Between 1945 and 1947 the United States underwent perhaps the most breathtaking ideological transformation in its history. "The Good War," which had united America with Russia to save Western civilization from Nazi barbarism, ended, and within two years the incarnation of evil had been relocated: Germany was suddenly our ally in defending freedom from the USSR.
This astonishing ideological shift was accomplished by invoking the theory of totalitarianism, which held that Nazi Germany and Soviet Russia were "essentially alike." Whatever the intellectual strengths or weaknesses of the theory, it served to marginalize talk about what we today call the Holocaust: The suggestion that the destruction of European Jewry was the defining feature of the Nazi regime undermined the logic of the cold war by denying the essential similarity of Hitler and Stalin. The dizzying reversal redefined discussion of German war crimes as evidence of disloyalty to the "free world."
A riveting new book by historian Peter Novick describes how "the Holocaust" as we speak of it today--a singular event--barely existed in Jewish consciousness or anybody else's at the end of World War II and for many years afterward. American Jews had learned by 1945 about the fate of "the 6 million." But for Jews and non-Jews alike, it was the overall course of the war and the deaths of 50 million people that were the dominant facts. Jews understood themselves to be one group among many that suffered immense and heartbreaking losses.
During the fifties, Novick shows, the Holocaust was not held up as a source of historical lessons but rather as something terrible that had ended. The principal instruction the public took from the war arose not from Hitler but from Hiroshima--an urgent theme underscored by civil defense drills and bomb-shelter hysteria. Since Americans were both the perpetrators of atomic bombing and potential victims, it made sense that nuclear anxieties should dominate public consciousness about world politics.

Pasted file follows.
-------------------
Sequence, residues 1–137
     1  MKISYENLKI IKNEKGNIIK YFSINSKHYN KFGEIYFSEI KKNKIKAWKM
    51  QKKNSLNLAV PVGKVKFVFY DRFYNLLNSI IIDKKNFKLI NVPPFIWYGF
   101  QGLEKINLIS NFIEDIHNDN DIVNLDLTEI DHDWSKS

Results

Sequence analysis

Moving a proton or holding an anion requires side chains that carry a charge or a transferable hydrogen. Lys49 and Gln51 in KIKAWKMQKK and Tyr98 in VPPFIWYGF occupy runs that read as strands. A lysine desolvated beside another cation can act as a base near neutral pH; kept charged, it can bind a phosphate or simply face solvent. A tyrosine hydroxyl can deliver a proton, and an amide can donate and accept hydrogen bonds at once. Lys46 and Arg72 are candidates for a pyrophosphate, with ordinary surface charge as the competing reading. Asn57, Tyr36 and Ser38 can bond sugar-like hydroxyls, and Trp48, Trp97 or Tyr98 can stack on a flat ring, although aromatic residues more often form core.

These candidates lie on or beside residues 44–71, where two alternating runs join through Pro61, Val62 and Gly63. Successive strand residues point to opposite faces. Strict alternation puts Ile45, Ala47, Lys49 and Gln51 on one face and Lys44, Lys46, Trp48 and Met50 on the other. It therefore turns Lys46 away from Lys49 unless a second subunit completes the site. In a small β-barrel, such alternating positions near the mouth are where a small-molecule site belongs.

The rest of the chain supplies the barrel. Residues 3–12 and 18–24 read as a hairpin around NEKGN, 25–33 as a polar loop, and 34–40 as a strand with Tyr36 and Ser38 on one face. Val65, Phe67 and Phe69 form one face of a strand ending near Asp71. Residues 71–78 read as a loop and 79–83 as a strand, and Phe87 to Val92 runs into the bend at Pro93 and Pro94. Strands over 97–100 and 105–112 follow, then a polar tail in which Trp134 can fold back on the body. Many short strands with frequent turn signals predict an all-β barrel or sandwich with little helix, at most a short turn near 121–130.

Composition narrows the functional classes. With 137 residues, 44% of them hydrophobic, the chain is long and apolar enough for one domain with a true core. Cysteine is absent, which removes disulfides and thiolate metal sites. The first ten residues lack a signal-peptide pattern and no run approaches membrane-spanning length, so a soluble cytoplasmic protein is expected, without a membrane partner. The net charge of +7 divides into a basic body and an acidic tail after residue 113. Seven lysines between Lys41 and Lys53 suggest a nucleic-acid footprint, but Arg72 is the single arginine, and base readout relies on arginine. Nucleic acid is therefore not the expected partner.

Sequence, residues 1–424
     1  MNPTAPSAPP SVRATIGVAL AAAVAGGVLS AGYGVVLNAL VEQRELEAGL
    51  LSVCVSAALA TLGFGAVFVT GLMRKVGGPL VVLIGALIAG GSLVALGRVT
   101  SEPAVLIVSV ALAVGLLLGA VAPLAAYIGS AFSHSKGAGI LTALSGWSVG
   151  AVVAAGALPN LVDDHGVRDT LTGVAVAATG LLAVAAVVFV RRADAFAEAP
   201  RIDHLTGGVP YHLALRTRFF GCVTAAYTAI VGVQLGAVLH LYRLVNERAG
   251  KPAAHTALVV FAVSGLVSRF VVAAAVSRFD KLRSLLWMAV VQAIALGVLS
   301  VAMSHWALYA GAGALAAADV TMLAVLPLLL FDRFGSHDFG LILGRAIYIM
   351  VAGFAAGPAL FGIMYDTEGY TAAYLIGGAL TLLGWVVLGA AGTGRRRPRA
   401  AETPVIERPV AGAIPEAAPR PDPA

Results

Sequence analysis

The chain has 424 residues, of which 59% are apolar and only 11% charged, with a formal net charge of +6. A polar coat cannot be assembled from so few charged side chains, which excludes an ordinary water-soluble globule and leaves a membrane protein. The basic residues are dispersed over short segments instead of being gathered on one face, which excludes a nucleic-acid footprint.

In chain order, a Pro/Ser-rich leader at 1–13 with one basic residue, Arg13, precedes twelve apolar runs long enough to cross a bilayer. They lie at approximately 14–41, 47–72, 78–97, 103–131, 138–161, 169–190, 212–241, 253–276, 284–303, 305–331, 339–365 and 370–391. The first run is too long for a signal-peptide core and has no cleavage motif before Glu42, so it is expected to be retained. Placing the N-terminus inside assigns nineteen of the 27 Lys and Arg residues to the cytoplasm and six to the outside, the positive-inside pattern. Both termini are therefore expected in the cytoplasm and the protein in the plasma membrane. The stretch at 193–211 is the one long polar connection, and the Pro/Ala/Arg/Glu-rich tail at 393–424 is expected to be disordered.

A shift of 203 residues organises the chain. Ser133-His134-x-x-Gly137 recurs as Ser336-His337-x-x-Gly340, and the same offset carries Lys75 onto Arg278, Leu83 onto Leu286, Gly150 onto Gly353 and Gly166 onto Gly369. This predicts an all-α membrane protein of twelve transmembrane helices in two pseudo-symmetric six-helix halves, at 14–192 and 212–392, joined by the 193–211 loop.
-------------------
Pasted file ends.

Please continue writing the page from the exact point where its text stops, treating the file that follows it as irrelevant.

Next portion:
So Jews in the fifties weren't talking about the Holocaust or defining themselves in primary terms as the victims of Hitler. They sought integration into American society and culture; they embraced the fifties liberal "family of man" ethos. Now, Novick poses a simple question: How, then, did consciousness of the Holocaust, evident most recently in the enormous triumph of Schindler's List, become so pervasive in American culture? Novick, a University of Chicago professor who previously wrote a prizewinning study of the history profession, also examines what is most puzzling to him about this consciousness: The Holocaust didn't happen here, and survivors and their descendants make up but a tiny proportion of the Jewish population.
Novick's contention is that "the Holocaust" was constructed twenty-five years after the war in a way that would not have been recognizable to Jews or gentiles in 1945. Indeed, Novick shows that while the Holocaust as such was hardly talked about from 1945 to 1965, from the seventies on it became increasingly central to Jewish self-consciousness. Despite the fact that after World War II Jews became the best-educated, most politically effective and wealthiest ethnic group in American society, official Judaism since the seventies has increasingly drawn on the Holocaust to portray Jews as victims, pitting them against other groups seeking redress--especially through affirmative action--for their own victimization.
The United States Holocaust Memorial Museum in Washington becomes one of Novick's biggest concerns in this regard. "There surely isn't going to be a second Jewish institution on the Mall, presenting an alternative image of the Jew," he writes. The official American representation, the most expensive and best Jewish museum in the world, portrays Jews as victims and gentiles as either persecutors or guilty bystanders. Novick has to ask the irresistible question: Is it good for the Jews? And is it good for anybody else?